Do you know one of my least favorite words on the planet? DIET.
Why? Because DIET screams UNSUSTAINABLE. It screams TEMPORARY. And a good way of eating is neither.
Sorry for the caps overload. But I feel pretty strongly about this. Sure, extreme diets can produce results fast — but as the unsustainable nature of the diet becomes unavoidable, you can lose many or all of the results you gained.
That’s demoralizing and can create a perception of “dieting” as doomed to fail.
If you went from eating bacon five times a week to drinking nothing but green juice, how long do you think you could keep that up?
Taking massive action to change your lifestyle doesn’t have to mean going on a shock-and-awe diet. What I think is truly super-important is “overdosing on nutrition,” as Chris Wark of ChrisBeatCancer.com puts it. And that can be done in a healthy, sustainable way.
A Gradual Shift
Yes, I did go cold turkey on certain things when I started my food and supplement program — things like refined sugar, cold cuts and factory-farmed meat and dairy. But other than that, a gradual shift helped a lot. Week after week, step by step, I switched to organic, grass-fed animal products and lower-pesticide, organic fruits and vegetables. I ate more vegetables and less protein. I started taking more supplements, doing more exercise, and meditating and giving thanks.
But did I go from slouch to superstar overnight? I certainly didn’t.
It was important for me to accept my mistakes and not let them derail my entire lifestyle by making me feel like a failure. If I messed up, I just had to pick myself up and start eating and living well again the next day. As the great herbalist Dr. Richard Schulze says, “Tomorrow is what you believe and do today!”
To live that mantra is to create a new way of being.
Finding a Sustainable Lifestyle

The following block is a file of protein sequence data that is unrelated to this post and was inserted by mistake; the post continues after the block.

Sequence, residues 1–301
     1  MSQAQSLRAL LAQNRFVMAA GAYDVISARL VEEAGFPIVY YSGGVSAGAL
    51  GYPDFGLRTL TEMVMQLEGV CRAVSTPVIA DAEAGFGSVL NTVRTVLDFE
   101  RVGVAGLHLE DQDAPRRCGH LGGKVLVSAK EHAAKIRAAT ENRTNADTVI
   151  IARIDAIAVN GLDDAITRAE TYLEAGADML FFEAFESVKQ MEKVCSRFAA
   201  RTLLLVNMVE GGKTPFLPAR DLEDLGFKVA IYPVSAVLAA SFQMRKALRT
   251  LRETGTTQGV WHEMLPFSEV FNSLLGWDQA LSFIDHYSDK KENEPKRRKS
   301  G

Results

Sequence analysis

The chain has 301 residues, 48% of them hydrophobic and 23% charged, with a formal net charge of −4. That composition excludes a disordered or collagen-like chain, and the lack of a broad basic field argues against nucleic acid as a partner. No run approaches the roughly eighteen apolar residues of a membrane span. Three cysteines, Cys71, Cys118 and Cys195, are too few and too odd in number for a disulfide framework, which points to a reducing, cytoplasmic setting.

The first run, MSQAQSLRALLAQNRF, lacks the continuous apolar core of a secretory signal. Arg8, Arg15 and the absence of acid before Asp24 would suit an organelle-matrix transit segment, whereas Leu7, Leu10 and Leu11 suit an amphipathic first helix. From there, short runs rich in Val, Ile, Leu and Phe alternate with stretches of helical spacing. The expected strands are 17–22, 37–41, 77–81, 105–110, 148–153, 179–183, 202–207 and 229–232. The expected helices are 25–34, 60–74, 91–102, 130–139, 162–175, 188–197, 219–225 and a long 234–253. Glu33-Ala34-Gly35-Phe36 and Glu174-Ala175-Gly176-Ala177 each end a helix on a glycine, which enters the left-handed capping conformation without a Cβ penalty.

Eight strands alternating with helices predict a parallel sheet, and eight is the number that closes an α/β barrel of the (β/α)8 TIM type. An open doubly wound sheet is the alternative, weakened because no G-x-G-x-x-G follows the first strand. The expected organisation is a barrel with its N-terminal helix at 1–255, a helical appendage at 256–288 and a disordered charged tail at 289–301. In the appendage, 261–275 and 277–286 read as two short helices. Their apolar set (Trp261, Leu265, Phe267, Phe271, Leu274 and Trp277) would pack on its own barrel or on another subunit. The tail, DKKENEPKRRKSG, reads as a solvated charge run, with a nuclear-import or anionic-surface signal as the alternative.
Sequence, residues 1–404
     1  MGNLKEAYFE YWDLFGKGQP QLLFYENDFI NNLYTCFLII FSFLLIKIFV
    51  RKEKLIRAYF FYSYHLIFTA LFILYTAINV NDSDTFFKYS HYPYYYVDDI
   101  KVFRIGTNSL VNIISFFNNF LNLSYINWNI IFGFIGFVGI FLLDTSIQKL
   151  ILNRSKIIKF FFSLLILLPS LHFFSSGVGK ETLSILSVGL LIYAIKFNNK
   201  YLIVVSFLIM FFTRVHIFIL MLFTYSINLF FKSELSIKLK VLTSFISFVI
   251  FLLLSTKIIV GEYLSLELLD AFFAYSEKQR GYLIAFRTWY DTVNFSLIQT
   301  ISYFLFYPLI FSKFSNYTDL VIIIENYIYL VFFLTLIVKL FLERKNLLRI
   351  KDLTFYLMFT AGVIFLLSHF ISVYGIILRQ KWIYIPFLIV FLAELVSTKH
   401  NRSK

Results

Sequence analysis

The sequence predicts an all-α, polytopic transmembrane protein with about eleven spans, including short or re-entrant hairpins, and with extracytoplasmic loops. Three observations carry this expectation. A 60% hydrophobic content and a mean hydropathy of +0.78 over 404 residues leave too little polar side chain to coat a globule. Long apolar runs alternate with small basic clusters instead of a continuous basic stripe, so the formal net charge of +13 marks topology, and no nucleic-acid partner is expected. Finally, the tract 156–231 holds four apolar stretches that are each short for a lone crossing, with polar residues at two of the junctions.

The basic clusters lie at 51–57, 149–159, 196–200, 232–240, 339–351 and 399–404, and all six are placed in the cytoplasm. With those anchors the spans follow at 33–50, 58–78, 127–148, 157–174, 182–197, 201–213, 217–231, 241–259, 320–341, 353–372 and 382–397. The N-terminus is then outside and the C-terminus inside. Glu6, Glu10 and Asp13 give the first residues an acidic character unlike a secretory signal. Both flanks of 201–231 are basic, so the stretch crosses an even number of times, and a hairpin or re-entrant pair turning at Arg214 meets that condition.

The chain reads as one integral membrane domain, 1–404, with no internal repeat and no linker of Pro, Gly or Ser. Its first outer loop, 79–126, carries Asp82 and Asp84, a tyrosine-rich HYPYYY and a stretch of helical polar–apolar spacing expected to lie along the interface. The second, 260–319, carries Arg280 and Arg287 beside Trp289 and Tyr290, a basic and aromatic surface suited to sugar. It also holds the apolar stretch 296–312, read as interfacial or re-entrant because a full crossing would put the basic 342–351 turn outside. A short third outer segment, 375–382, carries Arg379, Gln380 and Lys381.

In my own gradual phase shift, I didn’t go on a crazy 60-day green juice fast; in fact, my test results showed I needed some animal protein to stay alert and strong over the long term. With the exception of short two-day juice fasts, I kept eating fish, eggs and yogurt, though I cut out red meat and poultry.
It was so important for me to view this as a process and find a lifestyle that worked for me – one turned up loud enough to be effective but still containing foods and activities I loved.
One great way to do this was to eat MORE of the healthy foods I already adored.
Some examples: I love avocados, so I made a lot of homemade guacamole with garlic, tomato and Himalayan sea salt. I love nuts, so I ate a lot of almonds, brazil nuts and macadamia nuts. I love berries – good thing they’re super healthy! I ate a pack a day. I love Thai food so I ate fresh-made coconut curry with brown rice and vegetables (There was a takeout restaurant nearby that made homemade coconut curry and used organic ingredients. I got lucky with that!).
Zero Binging Through Abundance
By eating foods I loved, I didn’t binge at all for a year and a half. 18 months of no binging. Zero. When I craved empty calories, I ate something I loved. Because it was a sustainable lifestyle, it didn’t leave me desperate for something enjoyable.
Instead, as I felt better and better, my lifestyle itself became enjoyable. I loved rebounding because it gave me energy and I got to rock out to my favorite songs while soaring through the air. I loved eating well and juicing because I felt amazing. I loved detox baths because my skin looked great. I loved my lifestyle because it made my LIFE more awesome.
That’s not a diet. That’s a massive-action sea change, and it can last for decades.
Decades are what I want. How about you?